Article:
Edwards, meanwhile, is pushing lawmakers to agree to a series of tax proposals, chief among them a gross receipts tax on businesses that is meant to replace a penny sales tax set to expire next year.
Barras said he thinks there is little support for the receipts tax, called a commercial activities tax or CAT, among House members. A bill incorporating Edwards' proposal hasn't been filed. The governor told The Advocate he's still fine-tuning the details of which businesses the tax would apply to and ways to prevent businesses from being taxed beyond their profit margins.
"That's a tough one for me," said Barras, who is a banker in private life.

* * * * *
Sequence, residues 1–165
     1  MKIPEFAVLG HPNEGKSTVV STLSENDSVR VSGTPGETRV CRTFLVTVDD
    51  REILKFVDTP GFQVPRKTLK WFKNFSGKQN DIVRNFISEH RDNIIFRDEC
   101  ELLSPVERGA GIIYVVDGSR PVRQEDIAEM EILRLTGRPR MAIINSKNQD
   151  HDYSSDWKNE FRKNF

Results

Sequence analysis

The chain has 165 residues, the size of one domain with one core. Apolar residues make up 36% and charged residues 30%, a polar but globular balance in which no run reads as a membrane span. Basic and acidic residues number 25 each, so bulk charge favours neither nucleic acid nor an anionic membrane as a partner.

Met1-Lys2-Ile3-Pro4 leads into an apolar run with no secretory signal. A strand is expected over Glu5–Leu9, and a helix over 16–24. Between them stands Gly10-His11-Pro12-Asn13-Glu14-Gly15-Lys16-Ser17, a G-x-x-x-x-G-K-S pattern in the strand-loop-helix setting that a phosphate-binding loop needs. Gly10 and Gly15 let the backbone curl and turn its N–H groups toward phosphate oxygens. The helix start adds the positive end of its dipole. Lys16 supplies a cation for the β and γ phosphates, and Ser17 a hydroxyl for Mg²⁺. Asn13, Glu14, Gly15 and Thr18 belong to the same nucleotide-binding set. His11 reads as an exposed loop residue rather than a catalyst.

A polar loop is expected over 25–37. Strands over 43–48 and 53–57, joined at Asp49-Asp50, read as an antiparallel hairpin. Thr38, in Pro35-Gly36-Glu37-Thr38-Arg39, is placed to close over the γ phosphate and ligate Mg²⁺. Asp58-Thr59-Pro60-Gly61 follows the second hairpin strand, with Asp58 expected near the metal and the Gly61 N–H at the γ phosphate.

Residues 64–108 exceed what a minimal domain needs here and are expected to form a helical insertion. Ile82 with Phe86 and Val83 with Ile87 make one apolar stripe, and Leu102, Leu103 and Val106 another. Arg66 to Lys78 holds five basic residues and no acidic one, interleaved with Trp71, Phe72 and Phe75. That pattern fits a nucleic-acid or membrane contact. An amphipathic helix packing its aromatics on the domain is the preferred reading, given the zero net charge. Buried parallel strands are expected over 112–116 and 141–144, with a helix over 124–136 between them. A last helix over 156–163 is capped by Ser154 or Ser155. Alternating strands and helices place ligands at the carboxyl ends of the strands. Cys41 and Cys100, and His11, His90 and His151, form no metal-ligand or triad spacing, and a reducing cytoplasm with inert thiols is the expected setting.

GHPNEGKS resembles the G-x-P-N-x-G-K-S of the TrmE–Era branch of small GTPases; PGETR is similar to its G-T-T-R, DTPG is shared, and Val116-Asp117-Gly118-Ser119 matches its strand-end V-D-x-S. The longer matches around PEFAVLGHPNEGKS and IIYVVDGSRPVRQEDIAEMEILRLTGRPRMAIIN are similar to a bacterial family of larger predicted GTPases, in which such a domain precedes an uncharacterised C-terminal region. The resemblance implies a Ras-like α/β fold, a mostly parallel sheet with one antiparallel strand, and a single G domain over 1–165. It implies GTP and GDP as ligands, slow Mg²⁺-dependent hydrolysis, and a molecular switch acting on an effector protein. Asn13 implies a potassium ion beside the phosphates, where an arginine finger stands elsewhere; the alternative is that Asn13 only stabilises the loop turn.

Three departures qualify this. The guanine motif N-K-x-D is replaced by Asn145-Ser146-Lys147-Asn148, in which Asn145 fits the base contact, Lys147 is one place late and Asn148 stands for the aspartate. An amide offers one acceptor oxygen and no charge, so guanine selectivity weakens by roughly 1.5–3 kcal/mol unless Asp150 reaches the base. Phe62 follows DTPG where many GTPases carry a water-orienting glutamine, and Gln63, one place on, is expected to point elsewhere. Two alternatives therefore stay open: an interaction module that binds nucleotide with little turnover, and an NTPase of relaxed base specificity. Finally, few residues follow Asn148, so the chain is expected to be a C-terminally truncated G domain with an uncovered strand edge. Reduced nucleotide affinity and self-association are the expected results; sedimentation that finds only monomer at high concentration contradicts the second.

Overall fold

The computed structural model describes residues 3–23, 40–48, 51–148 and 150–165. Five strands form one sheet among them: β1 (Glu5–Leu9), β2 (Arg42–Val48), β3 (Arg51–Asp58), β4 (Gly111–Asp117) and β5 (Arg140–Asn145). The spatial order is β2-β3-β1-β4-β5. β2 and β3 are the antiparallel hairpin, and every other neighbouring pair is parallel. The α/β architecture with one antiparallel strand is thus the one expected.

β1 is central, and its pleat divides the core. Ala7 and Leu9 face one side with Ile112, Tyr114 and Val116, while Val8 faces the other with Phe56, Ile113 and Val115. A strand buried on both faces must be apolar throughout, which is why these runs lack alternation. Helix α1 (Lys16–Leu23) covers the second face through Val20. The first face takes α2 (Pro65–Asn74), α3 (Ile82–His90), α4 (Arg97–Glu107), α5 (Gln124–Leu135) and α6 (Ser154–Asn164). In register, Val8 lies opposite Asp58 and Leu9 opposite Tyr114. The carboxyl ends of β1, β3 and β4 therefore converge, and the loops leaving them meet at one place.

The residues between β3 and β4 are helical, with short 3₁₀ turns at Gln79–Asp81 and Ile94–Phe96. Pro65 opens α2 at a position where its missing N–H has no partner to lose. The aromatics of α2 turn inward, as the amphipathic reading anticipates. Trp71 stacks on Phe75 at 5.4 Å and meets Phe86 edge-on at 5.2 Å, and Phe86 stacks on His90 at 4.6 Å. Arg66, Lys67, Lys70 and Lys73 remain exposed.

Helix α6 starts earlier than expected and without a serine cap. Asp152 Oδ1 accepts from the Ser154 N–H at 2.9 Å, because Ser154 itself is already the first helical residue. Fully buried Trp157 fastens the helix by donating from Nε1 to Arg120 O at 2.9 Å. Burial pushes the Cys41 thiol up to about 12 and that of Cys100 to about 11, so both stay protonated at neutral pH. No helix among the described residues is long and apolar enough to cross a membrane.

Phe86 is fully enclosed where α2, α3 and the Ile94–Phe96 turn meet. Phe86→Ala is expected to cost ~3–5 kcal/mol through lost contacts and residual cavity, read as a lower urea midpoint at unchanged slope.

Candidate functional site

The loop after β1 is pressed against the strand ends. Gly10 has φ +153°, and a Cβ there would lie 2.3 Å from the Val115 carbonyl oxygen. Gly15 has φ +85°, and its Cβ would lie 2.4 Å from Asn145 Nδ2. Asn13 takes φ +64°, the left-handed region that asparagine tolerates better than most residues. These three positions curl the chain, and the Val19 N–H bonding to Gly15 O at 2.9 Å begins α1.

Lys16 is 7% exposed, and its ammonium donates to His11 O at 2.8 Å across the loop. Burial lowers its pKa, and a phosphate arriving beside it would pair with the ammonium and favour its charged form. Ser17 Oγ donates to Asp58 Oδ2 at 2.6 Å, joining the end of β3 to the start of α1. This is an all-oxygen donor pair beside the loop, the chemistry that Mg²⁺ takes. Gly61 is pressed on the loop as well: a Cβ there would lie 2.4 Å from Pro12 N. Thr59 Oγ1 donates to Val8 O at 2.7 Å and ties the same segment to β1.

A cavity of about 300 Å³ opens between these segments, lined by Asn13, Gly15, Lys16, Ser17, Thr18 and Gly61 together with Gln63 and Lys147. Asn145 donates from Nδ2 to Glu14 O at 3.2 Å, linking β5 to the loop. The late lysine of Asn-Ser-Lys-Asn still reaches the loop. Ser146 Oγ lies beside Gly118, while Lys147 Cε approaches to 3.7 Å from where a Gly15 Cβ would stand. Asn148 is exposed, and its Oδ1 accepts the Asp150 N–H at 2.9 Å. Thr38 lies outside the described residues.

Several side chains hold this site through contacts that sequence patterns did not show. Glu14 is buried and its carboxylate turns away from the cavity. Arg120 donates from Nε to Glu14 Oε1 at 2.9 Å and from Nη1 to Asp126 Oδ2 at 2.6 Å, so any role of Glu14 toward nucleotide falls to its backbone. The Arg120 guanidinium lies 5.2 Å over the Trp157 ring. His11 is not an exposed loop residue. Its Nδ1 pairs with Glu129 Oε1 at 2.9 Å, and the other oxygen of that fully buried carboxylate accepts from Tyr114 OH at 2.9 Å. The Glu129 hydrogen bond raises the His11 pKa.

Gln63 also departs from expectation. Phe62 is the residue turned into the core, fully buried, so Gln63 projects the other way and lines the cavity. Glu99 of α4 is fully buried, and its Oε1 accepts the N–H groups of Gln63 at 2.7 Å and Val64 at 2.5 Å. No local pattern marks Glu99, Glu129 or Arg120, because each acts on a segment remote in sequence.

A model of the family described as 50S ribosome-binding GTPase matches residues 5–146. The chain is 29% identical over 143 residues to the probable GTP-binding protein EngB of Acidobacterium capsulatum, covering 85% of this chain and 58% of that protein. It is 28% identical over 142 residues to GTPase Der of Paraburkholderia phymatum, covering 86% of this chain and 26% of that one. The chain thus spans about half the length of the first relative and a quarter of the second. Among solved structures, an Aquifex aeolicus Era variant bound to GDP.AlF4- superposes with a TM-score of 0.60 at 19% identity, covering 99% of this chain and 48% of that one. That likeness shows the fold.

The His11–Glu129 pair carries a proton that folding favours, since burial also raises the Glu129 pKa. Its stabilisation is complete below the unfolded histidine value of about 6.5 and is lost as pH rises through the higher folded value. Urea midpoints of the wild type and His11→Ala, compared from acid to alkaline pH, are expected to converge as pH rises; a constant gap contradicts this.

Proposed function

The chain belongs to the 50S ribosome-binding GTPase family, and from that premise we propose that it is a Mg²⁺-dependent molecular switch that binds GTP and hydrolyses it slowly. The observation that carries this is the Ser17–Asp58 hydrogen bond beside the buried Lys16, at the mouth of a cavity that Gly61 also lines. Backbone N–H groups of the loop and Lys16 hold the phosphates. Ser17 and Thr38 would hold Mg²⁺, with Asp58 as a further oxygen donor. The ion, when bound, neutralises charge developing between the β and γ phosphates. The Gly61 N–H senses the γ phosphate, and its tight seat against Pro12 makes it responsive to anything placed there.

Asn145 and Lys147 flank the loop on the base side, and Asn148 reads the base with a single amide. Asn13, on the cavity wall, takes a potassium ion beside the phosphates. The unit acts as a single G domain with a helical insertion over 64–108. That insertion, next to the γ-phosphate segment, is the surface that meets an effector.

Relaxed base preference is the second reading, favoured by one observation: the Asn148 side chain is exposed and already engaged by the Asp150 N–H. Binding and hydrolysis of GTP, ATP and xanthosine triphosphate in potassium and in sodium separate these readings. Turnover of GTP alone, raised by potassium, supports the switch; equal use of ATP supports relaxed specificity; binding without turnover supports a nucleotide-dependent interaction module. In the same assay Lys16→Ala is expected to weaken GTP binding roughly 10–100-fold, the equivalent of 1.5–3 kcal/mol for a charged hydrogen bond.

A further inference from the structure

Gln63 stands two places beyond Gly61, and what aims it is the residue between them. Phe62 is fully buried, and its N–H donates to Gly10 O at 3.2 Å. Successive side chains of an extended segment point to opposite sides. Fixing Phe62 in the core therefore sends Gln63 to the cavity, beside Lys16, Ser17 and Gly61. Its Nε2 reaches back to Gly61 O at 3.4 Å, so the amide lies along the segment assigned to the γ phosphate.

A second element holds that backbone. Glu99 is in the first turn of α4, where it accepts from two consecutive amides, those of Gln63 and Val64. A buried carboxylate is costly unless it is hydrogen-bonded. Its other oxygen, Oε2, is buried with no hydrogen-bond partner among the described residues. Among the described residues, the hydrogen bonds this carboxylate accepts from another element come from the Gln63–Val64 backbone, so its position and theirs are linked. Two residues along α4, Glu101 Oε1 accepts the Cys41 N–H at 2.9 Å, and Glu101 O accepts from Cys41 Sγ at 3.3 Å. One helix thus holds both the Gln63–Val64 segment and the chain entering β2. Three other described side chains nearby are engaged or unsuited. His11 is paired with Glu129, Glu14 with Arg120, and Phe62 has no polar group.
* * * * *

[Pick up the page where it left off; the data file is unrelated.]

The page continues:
Edwards, during his session-opening State of the State speech on Monday, said he worries that Louisiana is on the brink of the partisan gridlock that has plagued Washington, D.C.
"It disappoints me because every challenge that we face, I'm assured that they are going to have their own plan; that they are doing their own studies; that they would take the task force's report and see what they could agree to and what they couldn't. And that they would propose in the alternative," Edwards said in a meeting with The Advocate editorial board Monday after his speech. "It is the case over and over again that they ultimately decide it's just easier — don't come up with your own plan, just vote against the one Edwards puts on the table."
Edwards has repeatedly aired his complaints about the House Republicans' calls for more cuts to the budget.
"There's all this talk about 'We're going to do a cuts approach.' 'Edwards is a tax-and-spend liberal.' 'We're going to reduce the size of government,' " he said. "Well, they don't do that either. We've made plenty of cuts since I've been governor."